Inversion Review (Multi-Platform)
At first I thought I’d reached the end of a joke.
There, among floating piles of debris, the boxes and crates and torn up asphalt that are the well-established mise-en-scene of the shooter genre, I was completely in the open. I was exposed, without cover, suspended in air. It seemed like the perfect punchline to the game’s first hour of tedious convention: In a genre that emphasizes position and placement, where loose, split second trigonometry of bullet paths is necessary and where mastery of geography is key, I was floating aimlessly with no idea of what was up and where to go. At that moment Inversion had lived up to its title. This was something different. And then gravity hit.
I was back on the ground. Back in the land of stationary crates and boxes to be hidden behind. Back to a linear, third person cover shooter about manly men shooting and stabbing underground techno-barbarians. The man you play as is searching for his daughter which is a quest filled with corpses and unnecessary screaming. At one point he screams at an 8-year-old boy, suggesting that, just maybe, he isn’t quite Dad of the Year material.
The “twist” here is that gravity is sometimes not as reliable as it should be. There is a gravity altering gauntlet your character finds early in the game. It can either make things weightless allowing you to manipulate items, or it can make things heavy, which can form a shield and slow down enemies. The uses for the gauntlet itself are limited: Projectiles can be grabbed and whipped around, and enemies can be made to levitate out of cover. This system rarely allows for any real creativity: What the device can and should be used for is usually telegraphed, usually by your annoying partner who seems to have no faith in you. There are enemies coming down a highway? Why not use of the many cars left as debris to thin them out. Hey, there’s a sniper on top of that rickety wooden tower. It’d be a shame if something were to happen to it (wink, wink).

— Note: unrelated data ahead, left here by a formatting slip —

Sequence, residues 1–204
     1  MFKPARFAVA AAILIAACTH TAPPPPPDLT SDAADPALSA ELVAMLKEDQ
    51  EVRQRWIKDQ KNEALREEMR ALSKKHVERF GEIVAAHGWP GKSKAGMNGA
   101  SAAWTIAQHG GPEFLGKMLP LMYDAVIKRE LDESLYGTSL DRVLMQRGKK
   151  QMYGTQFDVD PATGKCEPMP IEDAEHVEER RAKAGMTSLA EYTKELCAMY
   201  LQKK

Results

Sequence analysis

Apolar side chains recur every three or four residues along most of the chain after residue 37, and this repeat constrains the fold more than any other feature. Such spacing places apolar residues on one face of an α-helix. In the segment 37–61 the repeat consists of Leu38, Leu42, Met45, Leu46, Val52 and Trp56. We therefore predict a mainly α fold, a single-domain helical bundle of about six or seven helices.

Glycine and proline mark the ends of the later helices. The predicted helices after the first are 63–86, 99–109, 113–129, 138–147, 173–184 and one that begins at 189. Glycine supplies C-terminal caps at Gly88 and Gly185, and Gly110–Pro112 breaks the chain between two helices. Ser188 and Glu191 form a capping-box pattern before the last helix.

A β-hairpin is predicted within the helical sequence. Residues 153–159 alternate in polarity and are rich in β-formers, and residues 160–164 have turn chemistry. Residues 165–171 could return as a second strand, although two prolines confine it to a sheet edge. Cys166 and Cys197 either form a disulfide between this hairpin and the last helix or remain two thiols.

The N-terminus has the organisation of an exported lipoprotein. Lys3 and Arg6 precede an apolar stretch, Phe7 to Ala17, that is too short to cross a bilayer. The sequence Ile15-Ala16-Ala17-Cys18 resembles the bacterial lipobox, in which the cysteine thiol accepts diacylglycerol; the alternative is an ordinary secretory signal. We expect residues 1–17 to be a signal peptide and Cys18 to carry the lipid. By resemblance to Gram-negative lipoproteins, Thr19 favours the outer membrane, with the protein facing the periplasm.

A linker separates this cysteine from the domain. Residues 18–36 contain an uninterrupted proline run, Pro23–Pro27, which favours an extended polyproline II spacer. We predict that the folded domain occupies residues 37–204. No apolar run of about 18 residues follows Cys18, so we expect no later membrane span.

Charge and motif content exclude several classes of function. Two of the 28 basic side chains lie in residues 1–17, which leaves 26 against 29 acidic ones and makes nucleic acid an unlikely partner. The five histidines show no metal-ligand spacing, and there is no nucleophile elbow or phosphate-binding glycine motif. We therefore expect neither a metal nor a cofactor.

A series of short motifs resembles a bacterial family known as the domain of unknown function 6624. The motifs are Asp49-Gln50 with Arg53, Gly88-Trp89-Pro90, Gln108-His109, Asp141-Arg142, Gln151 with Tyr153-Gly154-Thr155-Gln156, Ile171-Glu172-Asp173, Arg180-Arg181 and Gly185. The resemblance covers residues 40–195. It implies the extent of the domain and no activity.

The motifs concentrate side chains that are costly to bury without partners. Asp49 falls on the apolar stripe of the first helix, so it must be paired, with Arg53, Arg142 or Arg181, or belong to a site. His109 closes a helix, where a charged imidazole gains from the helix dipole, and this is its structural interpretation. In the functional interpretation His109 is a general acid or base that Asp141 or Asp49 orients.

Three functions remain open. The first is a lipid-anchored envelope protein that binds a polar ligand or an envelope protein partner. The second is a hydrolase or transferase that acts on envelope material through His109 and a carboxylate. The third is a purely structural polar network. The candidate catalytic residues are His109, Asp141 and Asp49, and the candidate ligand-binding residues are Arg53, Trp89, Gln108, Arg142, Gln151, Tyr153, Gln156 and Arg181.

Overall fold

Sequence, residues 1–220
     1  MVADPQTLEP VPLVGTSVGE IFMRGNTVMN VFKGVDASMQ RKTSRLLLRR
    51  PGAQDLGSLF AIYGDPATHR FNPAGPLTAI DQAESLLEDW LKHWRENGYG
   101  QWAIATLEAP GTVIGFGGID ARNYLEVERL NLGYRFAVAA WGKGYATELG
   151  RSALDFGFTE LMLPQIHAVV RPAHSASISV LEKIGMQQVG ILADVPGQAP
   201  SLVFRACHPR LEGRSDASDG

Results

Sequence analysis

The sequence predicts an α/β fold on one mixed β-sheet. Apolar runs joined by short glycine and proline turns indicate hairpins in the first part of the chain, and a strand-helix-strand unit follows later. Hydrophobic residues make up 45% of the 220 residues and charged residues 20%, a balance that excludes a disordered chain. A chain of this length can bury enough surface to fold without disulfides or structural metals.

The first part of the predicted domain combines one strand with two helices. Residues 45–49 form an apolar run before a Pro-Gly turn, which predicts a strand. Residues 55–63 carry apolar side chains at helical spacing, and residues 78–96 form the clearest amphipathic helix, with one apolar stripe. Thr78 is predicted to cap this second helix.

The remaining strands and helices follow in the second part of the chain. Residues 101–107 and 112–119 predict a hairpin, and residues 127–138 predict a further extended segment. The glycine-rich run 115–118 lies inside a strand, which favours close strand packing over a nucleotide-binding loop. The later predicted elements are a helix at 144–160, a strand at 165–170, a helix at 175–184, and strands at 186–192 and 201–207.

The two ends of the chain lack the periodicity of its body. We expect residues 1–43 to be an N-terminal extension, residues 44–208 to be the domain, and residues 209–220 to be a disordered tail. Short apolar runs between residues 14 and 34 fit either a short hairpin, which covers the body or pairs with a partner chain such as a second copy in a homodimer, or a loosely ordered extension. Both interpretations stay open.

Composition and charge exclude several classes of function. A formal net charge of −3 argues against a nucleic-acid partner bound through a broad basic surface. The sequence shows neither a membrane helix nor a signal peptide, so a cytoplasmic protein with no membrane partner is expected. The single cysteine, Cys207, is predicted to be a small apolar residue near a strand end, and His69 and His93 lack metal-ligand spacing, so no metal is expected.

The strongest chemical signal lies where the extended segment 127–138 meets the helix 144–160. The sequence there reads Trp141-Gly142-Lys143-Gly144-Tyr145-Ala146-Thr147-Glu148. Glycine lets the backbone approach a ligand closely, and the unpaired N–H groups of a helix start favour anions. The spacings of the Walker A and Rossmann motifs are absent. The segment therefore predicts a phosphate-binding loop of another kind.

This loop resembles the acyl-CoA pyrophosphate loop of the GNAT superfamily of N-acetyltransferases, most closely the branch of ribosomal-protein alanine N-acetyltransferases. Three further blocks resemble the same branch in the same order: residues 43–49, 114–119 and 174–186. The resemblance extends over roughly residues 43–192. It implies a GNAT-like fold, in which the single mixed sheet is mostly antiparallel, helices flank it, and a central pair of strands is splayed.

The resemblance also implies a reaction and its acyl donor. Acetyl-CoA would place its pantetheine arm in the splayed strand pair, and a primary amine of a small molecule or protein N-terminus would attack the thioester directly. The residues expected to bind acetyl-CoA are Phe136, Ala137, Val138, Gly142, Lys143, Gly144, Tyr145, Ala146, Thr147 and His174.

The few bits of true weightlessness also feel shallow, rarely allowing you to enjoy the possibilities. The game boxes these areas in, so there’s still a clear focus for the action. Instead of a subversion of the genre, Inversion gives it a new environment. There is another moment of barely alluded to potential where the center of gravity is different between areas. The result is fighting enemies that are at a 90 degree angle from your character. Again, this is an idea that can be played, pulled at and expanded on, and deserves its own time to breath. Instead it’s discarded as quickly as it appears, as if it’s enough to bring up a great idea without having to show the work.
It’s a lack of imagination or, perhaps, laziness that prevents any of the ideas presented in the game from going anywhere. It’s the same lack of imagination that asks the player to fight the same uninspired boss fight four times with no variation. Or that asks me to solve puzzles that aren’t so much puzzles as much as listening exercises, as my partner very clearly tells me what to do.
I was hoping that some of these ideas would come to bloom in the multiplayer, but good luck trying to find a game. Repeated attempts failed, and the one game I did manage to get on only had three players, one of which was clearly not actually playing. I decided to float between pieces of debris trying to recapture that brief moment where anything felt possible.
Inversion was developed by Saber Interactive and published by Namco Bandai Games. Our review is based on the Xbox 360 version. It is also available for PS3 and PC.
Filipe Salgado works at a bank, but he’s not all bad. Sometime he writes for Kill Screen or writes stories about the deserts of the American Southwest on his blog Big Talk, Real Slow. You can also follow him on Twitter.